Imagine turning Tax Day into a holiday. That’s what happened with Tu Bishvat, the 15th day of the Jewish month of Shvat, which is Thursday.
During the time of the Holy Temple in Jerusalem, Tu Bishvat was the date for determining the age of fruit trees in order to calculate how much tax was owed on the harvest. After the temple was destroyed about 2,000 years ago and most of the Jews were exiled, Tu Bishvat became a festival celebrated by eating fruit associated with the land of Israel.
In the Talmud, Tu Bishvat is called the New Year of Trees, and some attribute religious meaning to the occasion. They believe that on Tu Bishvat, it is decided how well the trees will grow in the coming year (like Rosh Hashanah, the day of divine judgment, for humans).
However, in the early 1900s, Jews living in Palestine began planting trees for the holiday and this custom took hold. Today, the holiday is mainly a cultural celebration marked by tree planting ceremonies at schools rather than a religious event, a sort of Jewish Earth Day.
This year, there will be poignancy in the Tu Bishvat festivities because of the Mt. Carmel forest fire in Israel in December, in which dozens of people died and thousands of acres of land were scorched. Emphasis will be placed on rehabilitation and restoration of the forest.
Dried fruits popular
The most popular way to honor the holiday, which some call the Festival of Fruit, is to serve a Tu Bishvat tray with an enticing selection of dried fruits and nuts, a custom that pleases nutritionists, vegetarians and lovers of raw foods. Dried fruit is highlighted because Tu Bishvat takes place in January or February, traditionally not the time when fruits ripen, though fresh fruits are included too.
For cooks, the holiday is a good reminder of the value of dried fruits. Their flavor is the concentrated essence of the fruit and their texture makes them particularly useful in sweets and baked goods.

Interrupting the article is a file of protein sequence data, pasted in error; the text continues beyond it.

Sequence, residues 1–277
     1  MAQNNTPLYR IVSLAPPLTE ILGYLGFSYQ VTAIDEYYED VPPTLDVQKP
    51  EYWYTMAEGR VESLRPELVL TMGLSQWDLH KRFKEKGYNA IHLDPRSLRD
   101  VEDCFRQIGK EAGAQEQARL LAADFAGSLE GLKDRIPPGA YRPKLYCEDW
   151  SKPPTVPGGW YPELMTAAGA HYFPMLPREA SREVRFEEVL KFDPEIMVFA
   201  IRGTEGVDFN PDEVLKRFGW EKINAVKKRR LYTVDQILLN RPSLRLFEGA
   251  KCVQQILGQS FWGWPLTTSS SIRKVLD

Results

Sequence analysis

Biblical fruits, notably grapes, figs, pomegranates and dates, get priority on the Tu Bishvat table. A custom in some households is to serve 15 kinds of fruits to allude to the holiday’s date. Oranges are featured because they have long been grown in Israel.
Almonds are associated with Tu Bishvat not only because they are mentioned in the Torah but also because the almond tree is considered the herald of Tu Bishvat. “The almond tree is flowering,” begins a popular Israeli children’s Tu Bishvat song, and continues, “Tu Bishvat has arrived, the holiday of trees.”
As a child in Washington, D.C., my first experience of Tu Bishvat was at Hebrew school, where the teacher gave us pieces of carob to taste and said it was fruit from the Holy Land. We felt sorry for Israeli children, thinking that this hard, dry fruit was what they had to eat. Years later, I learned that eating carob was a Tu Bishvat custom in Eastern Europe because the hardy fruit traveled well and there weren’t many other fruits available.
Wine has a place
Wine aficionados have a good reason to look forward to Tu Bishvat. A custom started in the Middle Ages by Kabbalists in what is now Israel of having a Tu Bishvat Seder somewhat similar to the Passover Seder has recently been revived. This ceremony calls for tasting four glasses of wine, along with fruits and nuts to symbolize the four seasons.
And then there are such time-honored Tu Bishvat treats as compotes of apricots and prunes, cakes studded with fruits and nuts and bar cookies with raisins, dates and sweet spices. Some Israelis sweeten their cakes with date or carob syrup or serve citrus fruit salads with dried fruit.
For this kid-friendly festival, there are plenty of sweets that children enjoy preparing, such as chocolate raisin coconut candies. One particular favorite is a sweet challah kugel with dried cherries and almonds.